Located next to Highway 1009 in the Ban Luang region of the Chom Thong district of Chiang Mai, the Wachirathan waterfall is one of the most beautiful waterfalls in the world. You can visit it on your way to the Doi Inthanon National Park. Wachirathan translates to “Diamond Creek” and the visual of the waterfall certainly lives up to that translation.
A small concrete path leads you up to the waterfall. The power of the water flow can be understood from the fact that halfway through your climb up the path, you’ll feel sprays of water on your face. When you finally reach the waterfall you see a spectacular sight of water cascading through the clifftop rocks and a line of segmented waterfalls. The waterfall has a cumulative height of 80 metres.
The best part about the waterfall though is a rainbow that forms at the base of the waterfall. It gives a surreal appearance to the place and merges beautifully with the flora. Because of this paradisiacal natural occurring, the waterfall is also called “Rainbow Waterfall”. You have to visit the waterfall if you’re spending a few days in Chiang Mai
As for amenities, there are clean well-maintained toilets inside the park of the waterfall. You’ll also find a cafe near the parking area where you get coffee, tea, snacks and coconut water.
TIP : Buy a ticket to the Doi Inthanon Park and you can visit this waterfall for free. Also, wear good hiking shoes with a firm grip as the stones can be slippery if you’re planning to walk the trail to get closer to the waterfall.
Vaibhav Mehta | The Wandering Vegetable
Sarang Walet Waterfall in Tetebatu Indonesia
Indonesia is known for its gorgeous waterfalls from 300 feet ones to smaller ones. Sarang Walet waterfall in Tetebatu, Lombok is one such drop-dead beautiful waterfall that was discovered by us accidentally. To reach the Sarang Walet waterfall, you will need to walk through rice fields, bamboo forests, a tunnel filled 1 foot of water, and man-made bamboo bridges.
The cave-like structure and vegetation around the waterfall will make you feel like you are in Amazon rain forests. If you arrive here in the late morning (around 10), you will see the sunlight passing through the thick vegetation and falling on the waterfall – a spectacular, shimmering sight to behold.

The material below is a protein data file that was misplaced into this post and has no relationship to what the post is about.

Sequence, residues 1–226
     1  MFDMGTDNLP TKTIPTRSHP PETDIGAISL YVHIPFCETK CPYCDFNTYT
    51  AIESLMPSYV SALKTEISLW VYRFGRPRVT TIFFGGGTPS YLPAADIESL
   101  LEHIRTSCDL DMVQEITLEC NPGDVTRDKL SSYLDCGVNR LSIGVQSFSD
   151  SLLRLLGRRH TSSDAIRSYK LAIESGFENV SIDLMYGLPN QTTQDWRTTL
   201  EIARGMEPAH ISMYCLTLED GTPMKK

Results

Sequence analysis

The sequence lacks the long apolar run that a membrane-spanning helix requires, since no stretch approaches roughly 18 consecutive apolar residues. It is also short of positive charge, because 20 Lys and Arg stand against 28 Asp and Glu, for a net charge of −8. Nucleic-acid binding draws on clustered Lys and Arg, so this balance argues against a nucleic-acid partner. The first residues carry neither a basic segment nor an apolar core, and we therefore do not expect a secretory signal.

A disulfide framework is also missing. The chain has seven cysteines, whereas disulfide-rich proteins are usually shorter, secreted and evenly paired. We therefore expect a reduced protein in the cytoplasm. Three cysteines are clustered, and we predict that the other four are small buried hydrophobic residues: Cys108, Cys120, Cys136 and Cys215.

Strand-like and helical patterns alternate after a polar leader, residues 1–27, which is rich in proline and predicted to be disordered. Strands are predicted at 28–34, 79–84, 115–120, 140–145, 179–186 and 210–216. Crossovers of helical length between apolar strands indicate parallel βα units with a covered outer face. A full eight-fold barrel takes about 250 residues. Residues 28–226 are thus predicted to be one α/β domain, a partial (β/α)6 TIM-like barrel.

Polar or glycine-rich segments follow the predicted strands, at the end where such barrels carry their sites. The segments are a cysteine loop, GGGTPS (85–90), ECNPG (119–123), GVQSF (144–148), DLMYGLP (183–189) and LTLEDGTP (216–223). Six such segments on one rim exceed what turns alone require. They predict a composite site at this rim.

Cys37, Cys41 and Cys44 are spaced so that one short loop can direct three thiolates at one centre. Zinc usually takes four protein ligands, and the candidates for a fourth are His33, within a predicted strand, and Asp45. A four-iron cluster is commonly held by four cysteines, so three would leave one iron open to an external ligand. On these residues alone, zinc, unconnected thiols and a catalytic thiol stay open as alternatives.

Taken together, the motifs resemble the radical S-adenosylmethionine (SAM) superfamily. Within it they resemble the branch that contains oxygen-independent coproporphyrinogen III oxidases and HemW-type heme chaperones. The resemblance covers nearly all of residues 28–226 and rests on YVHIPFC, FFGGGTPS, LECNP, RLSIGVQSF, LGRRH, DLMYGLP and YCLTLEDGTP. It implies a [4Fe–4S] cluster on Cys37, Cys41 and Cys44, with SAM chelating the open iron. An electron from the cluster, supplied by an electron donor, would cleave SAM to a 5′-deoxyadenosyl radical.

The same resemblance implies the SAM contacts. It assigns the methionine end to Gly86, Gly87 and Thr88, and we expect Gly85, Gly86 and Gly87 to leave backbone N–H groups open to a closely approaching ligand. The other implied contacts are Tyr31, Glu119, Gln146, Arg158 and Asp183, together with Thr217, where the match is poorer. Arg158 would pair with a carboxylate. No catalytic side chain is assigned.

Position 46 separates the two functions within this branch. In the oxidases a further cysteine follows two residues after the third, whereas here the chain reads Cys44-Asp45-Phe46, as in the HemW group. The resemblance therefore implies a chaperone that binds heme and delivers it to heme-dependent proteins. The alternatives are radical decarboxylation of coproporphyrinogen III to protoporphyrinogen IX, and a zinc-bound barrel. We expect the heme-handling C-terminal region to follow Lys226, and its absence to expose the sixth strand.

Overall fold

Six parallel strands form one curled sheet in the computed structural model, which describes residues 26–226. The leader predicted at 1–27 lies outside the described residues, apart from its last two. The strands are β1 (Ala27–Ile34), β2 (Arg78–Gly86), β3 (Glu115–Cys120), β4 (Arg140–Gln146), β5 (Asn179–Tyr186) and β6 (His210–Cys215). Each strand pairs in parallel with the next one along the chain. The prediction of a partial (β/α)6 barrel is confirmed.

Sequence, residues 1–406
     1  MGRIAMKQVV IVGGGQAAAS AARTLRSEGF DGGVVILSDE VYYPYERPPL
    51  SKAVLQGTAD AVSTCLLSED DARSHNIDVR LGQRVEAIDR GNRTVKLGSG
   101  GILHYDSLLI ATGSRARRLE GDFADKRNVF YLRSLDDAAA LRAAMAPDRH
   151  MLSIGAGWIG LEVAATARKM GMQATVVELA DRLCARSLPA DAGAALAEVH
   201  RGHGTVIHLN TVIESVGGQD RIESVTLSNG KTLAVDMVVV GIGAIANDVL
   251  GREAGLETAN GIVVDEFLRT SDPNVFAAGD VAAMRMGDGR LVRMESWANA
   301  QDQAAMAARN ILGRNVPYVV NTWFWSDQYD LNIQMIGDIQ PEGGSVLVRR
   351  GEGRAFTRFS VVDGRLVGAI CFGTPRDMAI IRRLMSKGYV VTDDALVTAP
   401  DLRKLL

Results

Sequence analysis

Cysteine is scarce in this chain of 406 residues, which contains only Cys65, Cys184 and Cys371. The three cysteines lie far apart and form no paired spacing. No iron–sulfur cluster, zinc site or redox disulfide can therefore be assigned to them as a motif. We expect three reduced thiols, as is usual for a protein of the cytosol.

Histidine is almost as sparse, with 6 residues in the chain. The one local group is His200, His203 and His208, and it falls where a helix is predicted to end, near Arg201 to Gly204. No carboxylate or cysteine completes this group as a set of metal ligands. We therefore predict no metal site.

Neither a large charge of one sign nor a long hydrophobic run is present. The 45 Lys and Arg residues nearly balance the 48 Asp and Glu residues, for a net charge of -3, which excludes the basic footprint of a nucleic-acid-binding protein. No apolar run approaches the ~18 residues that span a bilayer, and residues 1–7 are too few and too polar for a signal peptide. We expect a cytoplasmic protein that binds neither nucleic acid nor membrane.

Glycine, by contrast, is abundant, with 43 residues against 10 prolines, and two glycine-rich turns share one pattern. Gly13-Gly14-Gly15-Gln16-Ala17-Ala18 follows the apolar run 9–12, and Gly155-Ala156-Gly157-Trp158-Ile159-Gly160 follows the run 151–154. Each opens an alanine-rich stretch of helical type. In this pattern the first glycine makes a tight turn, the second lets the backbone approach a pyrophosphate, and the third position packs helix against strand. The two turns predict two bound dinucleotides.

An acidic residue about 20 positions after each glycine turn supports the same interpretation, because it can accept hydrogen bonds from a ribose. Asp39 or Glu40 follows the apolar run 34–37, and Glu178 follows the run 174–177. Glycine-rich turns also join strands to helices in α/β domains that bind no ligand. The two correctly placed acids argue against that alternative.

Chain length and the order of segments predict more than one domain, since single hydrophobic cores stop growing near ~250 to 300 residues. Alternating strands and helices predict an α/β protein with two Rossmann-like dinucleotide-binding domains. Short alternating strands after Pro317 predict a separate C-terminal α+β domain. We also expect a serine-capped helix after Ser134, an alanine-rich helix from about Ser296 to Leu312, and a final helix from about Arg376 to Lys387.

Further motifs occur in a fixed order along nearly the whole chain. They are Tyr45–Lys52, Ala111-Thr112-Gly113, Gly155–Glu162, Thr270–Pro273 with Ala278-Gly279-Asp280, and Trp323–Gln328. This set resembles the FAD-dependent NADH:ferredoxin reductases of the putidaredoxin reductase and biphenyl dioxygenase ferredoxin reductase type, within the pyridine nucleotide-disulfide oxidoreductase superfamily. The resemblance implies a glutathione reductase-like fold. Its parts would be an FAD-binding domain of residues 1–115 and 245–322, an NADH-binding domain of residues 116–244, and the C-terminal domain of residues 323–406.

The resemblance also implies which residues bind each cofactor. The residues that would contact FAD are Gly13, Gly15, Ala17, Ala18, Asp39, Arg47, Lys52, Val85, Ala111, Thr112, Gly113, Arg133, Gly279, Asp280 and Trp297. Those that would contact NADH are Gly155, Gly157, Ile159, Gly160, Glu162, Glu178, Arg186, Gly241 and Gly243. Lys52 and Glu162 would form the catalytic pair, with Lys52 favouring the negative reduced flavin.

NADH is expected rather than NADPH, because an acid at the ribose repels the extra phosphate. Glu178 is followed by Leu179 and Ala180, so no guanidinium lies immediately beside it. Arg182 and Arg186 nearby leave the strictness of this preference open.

The water in Sarang Walet waterfall originates from the second highest active volcano Mount Rinjani in Indonesia and hence, locals say it is rich with minerals and keep them healthy.
Nishu | Tanned Travel Girl
Torc Waterfall, Ireland
One stop along the Wild Atlantic Way coastal drive in Ireland that you should not miss is Killarney National Park, County Kerry.
Nestled at the base of Torc Mountain in Killarney National Park is one of its main highlights, the stunning Torc Waterfall. The Owengarriff River, which flows from a lake high up in the Macgillycuddy’s Reeks mountain range, tumbles magnificently down the 20 meter cascade waterfall.
Surrounded by lush green vegetation and home to the occasional red deer, this picturesque waterfall is at its most impressive after heavy rainfall. (Ireland receives plenty of rainfall throughout the year, so this should not be a problem!)
To reach the base of the waterfall you follow the path from the carpark for about 200 meters. If you would like a better vantage point, then walk up the stone steps that lead to the higher viewing spot.
There are several looped walks and hiking trails around Torc Waterfall that are suitable for all abilities and are well worth checking out when you are in the area. As this is one of the main highlights of the Ring of Kerry tour route, try to come early or late in the day to enjoy it without the crowds.
Emer and Nils | Let’s Go Ireland
Wapta Falls, Canada
Wapta Falls in British Columbia, Canada should definitely be the next waterfall on your bucket list! It is a heavily trafficked, well-maintained, and easy hiking trail through Yoho National Park, that leads to some breathtaking waterfalls.
Both dog- and kid-friendly, the trail is mostly flat, initially starting as a serene stroll through the lush marsh. However, it isn’t long before you hear the roar of the waterfalls. And, once you reach the falls, the views are stunning: a captivating waterfall, with the Rocky Mountains as a backdrop.
The best part about visiting these waterfalls is that you can climb to its base. And, if you don’t mind getting drenched from the spray of the falls, you can get pretty close.
Overall, this hike is the perfect stop on your Canadian Rockies road trip, and it’ll only take you around 1.5 hours round trip to complete – it is definitely worth the visit!
Mia | Walk A While With Me
Multnomah Falls, Oregon
Located just 30 miles outside of Portland, Oregon, Multnomah Falls is the state’s tallest waterfall at 620 feet! This breathtaking natural wonder can be accessed year-around making the attraction the perfect addition to any nature-lover’s itinerary.
A quick hike will bring you to Benson Bridge providing you with an up-close view to the falls. This misty 69-foot vantage-point features a spectacular overlook of the roaring waters. Be sure to visit the Multnomah Falls Lodge, a National Historic Landmark built in 1925, that houses a gift shop, restaurant, and information center with free trail maps!
Entry to the park is free and parking is available but limited. So, plan to arrive early or take a free shuttle from Rooster Rock State Park ($5 day-use per car).
Erin McLaughlin | The Gal On The Go
Staubbach Falls, Lauterbrunnen, Switzerland
They may be located in a valley of 72 waterfalls but Staubbach Falls in Lauterbrunnen, Switzerland, is definitely one of the most beautiful. Tumbling nearly 300 metres from an overhanging rock face, Staubbach Falls are the highest free-falling waterfalls in Europe.
Visitors to the village can’t help but notice the famous falls – they are instantly recognisable as you enter, and from almost everywhere within Lauterbrunnen.
Staubbach Falls can be viewed from the main road in the village but it’s also possible to hike up to a viewing gallery behind the falls. This means you can look out through the plunging spray of water to the picturesque village beyond.